Justification of Red List Category
This species has an extremely large range, and hence does not approach the thresholds for Vulnerable under the range size criterion (Extent of Occurrence <20,000 km2 combined with a declining or fluctuating range size, habitat extent/quality, or population size and a small number of locations or severe fragmentation). The population trend appears to be stable, and hence the species does not approach the thresholds for Vulnerable under the population trend criterion (>30% decline over ten years or three generations). The population size is extremely large, and hence does not approach the thresholds for Vulnerable under the population size criterion (<10,000 mature individuals with a continuing decline estimated to be >10% in ten years or three generations, or with a specified population structure). For these reasons the species is evaluated as Least Concern.
In Europe, the breeding population is estimated to number 3,830,000-6,440,000 pairs, which equates to 7,650,000-12,900,000 mature individuals (BirdLife International 2015). Europe forms c.60% of the global range, so a very preliminary estimate of the global population size is 12,750,000-21,500,000 mature individuals, although further validation of this estimate is needed.
In Europe the overall trend from 1980-2013 was stable (EBCC 2015).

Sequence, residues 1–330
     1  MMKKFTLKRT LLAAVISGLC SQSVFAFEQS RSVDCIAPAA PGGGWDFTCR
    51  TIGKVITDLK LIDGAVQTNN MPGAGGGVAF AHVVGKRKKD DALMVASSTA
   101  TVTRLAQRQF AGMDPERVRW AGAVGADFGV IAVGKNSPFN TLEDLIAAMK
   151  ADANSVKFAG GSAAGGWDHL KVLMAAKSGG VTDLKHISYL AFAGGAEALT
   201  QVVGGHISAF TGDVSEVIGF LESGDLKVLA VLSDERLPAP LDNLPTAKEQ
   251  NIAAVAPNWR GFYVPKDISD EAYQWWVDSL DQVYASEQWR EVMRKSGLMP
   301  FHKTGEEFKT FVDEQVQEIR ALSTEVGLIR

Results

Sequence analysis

During the breeding season this species is found in a variety of low dense vegetation, often near water or in moist depressions, including shore vegetation around freshwater pools, along rivers and canals, and lowland swamps and marshes with reed and bush thickets. It can also breed in dry situations offering suitable cover, such as neglected orchards, hedgerows, nettlebeds, dense scrub, crop fields. In western Europe egg-laying occurs mainly from the end of April, from early May in central Europe and from mid-May in Finland. Clutches are from four to seven eggs and are laid in a rather deep cup with a loosely woven outer structure of grass, plant stems and leaves, moss and sedges, often with spider webs and a thick inner layer of finer leaves and stems, lined with reed flowers, hair and plant down. It is generally placed low over marshy ground (rarely above water) among grasses and tall weeds or in low bush. The diet is mainly insects and their larvae but it also takes spiders (Araneae), harvestmen (Opiliones), small slugs and snails. The species is migratory, wintering in sub-Saharan Africa (Dyrcz 2006).
Declines in this species in Europe have been attributed to severe droughts in the west African wintering quarters (Hagemeijer and Blair 1997, Dyrcz 2006).
Conservation Actions Underway
CMS Appendix II. Bern Convention Appendix II. There are currently no known conservation measures for this species within Europe
Butchart, S., Ekstrom, J., Symes, A., Ashpole, J
BirdLife International (2020) Species factsheet: Acrocephalus schoenobaenus. Downloaded from http://www.birdlife.org on 08/08/2020. Recommended citation for factsheets for more than one species: BirdLife International (2020) IUCN Red List for birds. Downloaded from http://www.birdlife.org on 08/08/2020.